Halloween books for children and teens
Children’s, young adult and teen books about Halloween, trick or treating, ghosts, strange and unexplained events, and dark spooky nights. This list contains 80 titles to read on dark nights, for children to read aloud and scare their friends, and for teachers to read to make whole classes quiver and shiver. There’s a range of fiction, nonfiction, true stories, picture books, poetry, short story collections, chapter books and novels for primary and secondary-aged children. This list features books by Oliver Jeffers, Julia Donaldson, Eric Carle, Harriet Muncaster, Roald Dahl, Susan Hill, Neil Gaiman, Rainbow Rowell, R.L Stine, Padraig Kenny, Anthony Horowitz, Lisa Richardson and Rob Biddulph.
Books to read at Halloween time for children and teens – our recommendations
Halloween-themed and spooky picture books for younger children
I Say Boo You Say Hoo by John Kane
A wonderfully fun picture book for younger children that is ideal for reading together. With bright colours and clever typography, this story uses a call-and-respond approach to help the reader tell the story. There are lots of ‘oo’ sounds, including boo, hoo, and of course, ‘stinky poo’, which children will find hilarious. This may well be a book you read every day for a long time!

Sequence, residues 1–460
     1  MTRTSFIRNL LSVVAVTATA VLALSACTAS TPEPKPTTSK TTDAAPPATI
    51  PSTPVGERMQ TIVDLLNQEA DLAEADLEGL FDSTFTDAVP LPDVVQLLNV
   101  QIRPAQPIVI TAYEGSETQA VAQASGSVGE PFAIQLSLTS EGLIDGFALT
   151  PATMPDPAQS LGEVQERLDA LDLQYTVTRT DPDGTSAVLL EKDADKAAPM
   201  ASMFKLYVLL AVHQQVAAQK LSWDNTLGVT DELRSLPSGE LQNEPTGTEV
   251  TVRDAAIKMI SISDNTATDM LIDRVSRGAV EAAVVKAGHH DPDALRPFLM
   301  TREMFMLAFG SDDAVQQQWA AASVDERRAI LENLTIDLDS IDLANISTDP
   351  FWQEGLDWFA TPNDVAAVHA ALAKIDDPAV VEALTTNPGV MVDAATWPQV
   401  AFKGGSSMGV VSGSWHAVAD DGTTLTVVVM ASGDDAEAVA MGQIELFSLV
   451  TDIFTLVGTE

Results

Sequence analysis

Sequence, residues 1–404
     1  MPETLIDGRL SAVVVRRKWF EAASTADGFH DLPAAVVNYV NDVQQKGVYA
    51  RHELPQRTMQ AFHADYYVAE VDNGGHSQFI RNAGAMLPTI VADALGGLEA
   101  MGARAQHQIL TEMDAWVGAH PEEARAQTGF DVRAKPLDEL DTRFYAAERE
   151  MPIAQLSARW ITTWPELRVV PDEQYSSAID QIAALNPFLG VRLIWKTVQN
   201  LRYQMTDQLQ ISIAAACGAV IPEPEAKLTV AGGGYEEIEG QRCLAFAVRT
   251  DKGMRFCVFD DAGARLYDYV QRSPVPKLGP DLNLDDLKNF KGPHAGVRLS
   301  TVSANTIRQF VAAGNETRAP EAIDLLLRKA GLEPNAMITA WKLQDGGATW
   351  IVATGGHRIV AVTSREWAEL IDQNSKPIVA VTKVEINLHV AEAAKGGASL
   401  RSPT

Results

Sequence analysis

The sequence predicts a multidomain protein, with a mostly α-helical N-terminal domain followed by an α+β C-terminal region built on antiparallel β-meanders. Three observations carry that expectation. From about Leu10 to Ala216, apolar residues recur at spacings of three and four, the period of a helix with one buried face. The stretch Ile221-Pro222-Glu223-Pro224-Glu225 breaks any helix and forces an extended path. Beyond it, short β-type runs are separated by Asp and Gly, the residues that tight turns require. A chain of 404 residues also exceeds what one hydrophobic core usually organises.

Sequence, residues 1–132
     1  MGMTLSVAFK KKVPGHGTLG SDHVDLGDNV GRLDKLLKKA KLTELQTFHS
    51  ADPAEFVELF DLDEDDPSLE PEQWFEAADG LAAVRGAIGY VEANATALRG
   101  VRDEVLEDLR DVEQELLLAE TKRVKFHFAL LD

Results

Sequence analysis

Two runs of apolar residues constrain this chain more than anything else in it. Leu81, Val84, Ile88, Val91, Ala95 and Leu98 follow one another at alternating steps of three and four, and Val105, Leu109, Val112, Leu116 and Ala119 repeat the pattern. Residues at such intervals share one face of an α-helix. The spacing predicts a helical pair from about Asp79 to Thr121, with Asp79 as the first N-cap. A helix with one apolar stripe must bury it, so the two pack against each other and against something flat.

We Planted a Pumpkin by Rob Ramsden
Part of a trilogy of picture books including I Saw a Bee and We Found a Seed, this story follows the life of a pumpkin from seed to harvesting for Halloween. The illustrations are vibrant and inclusive and this book is ideal for inspiring Halloween-themed wall displays.
Five Little Ghosts: A lift-the-flap Halloween picture book by Lily Murray and Holly Surplice
Five little ghosts have floated away. Can you find out where they are hiding and help them float back to Mama Ghost? Big bold glossy pages with flaps big and small make this a charming picture book to read and share with 2-6 year olds. It’s ideal to help develop fine motor, counting, and observational skills, as well as putting a positive and reassuring spin on a subject that might spook the youngest readers. Come Halloween time preschoolers will be looking for smiling friendly ghostlings in every unlikely nook and cranny!
There’s a Ghost in the House by Oliver Jeffers
This wonderfully evocative and interactive picture book is ideal for storytelling on a dark, wet, Autumn afternoon – especially, perhaps, at Halloween. Explore the haunted house with the little girl who lives there. Help her to find a ghost amongst the beautifully illustrated pages. On every page, children will find awe and wonder. It’s a great book to read as a family.